The invention has been described for use with a number of different types of catheter assemblies 4. However, the invention can also be used when a number of different types of motor drive units 18 are used in addition to the different catheter assemblies. In such cases an additional digital identification circuit, similar to circuit 26, could be carried by the motor drive unit. Catheter identification circuit components 28 would typically not be carried by the motor drive unit but would be part of the main operating system, identified as main console circuit components 30 in FIG. 2. The digital identification circuit for the motor drive unit would include a common ID terminal, corresponding to terminal 32, and at least one signal terminal corresponding to signal terminals 34, 36, depending on the number of different types of motor drive units which are to be used. The circuit components corresponding to circuit components 28 could then be used to provide a digital identification signal for both the particular catheter assembly and a particular motor drive unit used.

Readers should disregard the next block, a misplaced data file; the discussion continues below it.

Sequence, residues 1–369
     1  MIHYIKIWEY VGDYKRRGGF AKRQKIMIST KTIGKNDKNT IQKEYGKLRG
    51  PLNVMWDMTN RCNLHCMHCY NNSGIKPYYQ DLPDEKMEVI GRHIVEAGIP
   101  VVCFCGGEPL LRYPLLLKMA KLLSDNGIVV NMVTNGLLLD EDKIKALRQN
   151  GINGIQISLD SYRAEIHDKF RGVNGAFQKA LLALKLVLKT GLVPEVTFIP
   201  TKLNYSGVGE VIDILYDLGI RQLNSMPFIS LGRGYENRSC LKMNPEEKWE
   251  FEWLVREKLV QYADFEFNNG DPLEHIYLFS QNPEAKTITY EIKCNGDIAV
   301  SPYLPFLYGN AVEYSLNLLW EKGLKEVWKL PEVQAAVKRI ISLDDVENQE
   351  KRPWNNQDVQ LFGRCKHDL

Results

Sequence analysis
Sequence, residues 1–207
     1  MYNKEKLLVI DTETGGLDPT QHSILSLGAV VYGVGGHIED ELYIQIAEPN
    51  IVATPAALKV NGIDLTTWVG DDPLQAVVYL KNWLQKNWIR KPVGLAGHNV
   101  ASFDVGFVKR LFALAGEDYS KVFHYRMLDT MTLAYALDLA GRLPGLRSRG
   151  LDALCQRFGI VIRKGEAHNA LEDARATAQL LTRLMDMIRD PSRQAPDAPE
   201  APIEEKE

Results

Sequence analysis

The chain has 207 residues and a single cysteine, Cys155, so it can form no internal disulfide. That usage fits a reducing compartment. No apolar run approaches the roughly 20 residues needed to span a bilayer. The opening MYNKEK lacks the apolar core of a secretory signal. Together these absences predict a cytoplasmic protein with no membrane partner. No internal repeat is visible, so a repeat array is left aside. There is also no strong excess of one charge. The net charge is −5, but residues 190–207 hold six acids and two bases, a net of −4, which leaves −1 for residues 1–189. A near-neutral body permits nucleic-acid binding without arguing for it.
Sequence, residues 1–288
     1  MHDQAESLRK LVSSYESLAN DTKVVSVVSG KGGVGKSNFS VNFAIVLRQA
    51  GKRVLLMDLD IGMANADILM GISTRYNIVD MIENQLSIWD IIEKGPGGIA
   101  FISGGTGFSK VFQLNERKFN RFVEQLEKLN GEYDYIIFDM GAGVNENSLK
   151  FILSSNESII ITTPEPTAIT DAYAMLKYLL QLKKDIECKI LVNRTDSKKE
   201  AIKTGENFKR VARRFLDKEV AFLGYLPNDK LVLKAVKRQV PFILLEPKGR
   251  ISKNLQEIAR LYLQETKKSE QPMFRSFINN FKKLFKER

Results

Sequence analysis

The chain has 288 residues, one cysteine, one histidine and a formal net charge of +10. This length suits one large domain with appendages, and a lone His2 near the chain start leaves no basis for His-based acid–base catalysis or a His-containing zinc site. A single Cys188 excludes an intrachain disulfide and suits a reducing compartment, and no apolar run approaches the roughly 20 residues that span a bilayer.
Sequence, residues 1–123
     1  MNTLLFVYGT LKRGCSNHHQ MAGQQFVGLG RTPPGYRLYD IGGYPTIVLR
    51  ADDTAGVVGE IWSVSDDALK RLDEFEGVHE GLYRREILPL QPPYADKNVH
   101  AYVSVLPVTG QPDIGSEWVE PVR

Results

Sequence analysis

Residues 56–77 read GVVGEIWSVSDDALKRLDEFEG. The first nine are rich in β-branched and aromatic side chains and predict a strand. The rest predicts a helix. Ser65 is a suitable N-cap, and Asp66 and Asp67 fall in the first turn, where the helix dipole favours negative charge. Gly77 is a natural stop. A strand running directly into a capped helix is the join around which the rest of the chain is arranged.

Other modification and variation can be made to the disclosed embodiment without departing from the subject of the invention as defined in the following claims.
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|U.S. Classification||600/466, 600/463|
|International Classification||A61B8/12, A61B17/00, A61B5/117|
|Cooperative Classification||A61B2017/00482, A61B8/4438, A61B8/4461, A61B8/445, A61B5/117, A61B8/12|
|European Classification||A61B8/44N6, A61B8/12, A61B8/44M, A61B5/117|
|Oct 21, 1991||AS||Assignment|
Owner name: CARDIOVASCULAR IMAGING SYSTEMS, INC. A CORPORATI
Free format text: ASSIGNMENT OF ASSIGNORS INTEREST.;ASSIGNORS:BRISKEN, AXEL F.;LA PORTE, DOUGLAS A.;ROLD, MICHAEL D.;REEL/FRAME:005881/0135
Effective date: 19910920
Owner name: CARDIOVASCULAR IMAGING SYSTEMS, INC. A CORPORATI
Free format text: ASSIGNMENT OF ASSIGNORS INTEREST.;ASSIGNOR:GRONNINGSAETER, AAGE;REEL/FRAME:005881/0137
Effective date: 19910926
|Sep 25, 1996||FPAY||Fee payment|
Year of fee payment: 4
|Sep 28, 2000||FPAY||Fee payment|
Year of fee payment: 8
|Nov 24, 2004||REMI||Maintenance fee reminder mailed|
|May 11, 2005||LAPS||Lapse for failure to pay maintenance fees|
|Jul 5, 2005||FP||Expired due to failure to pay maintenance fee|
Effective date: 20050511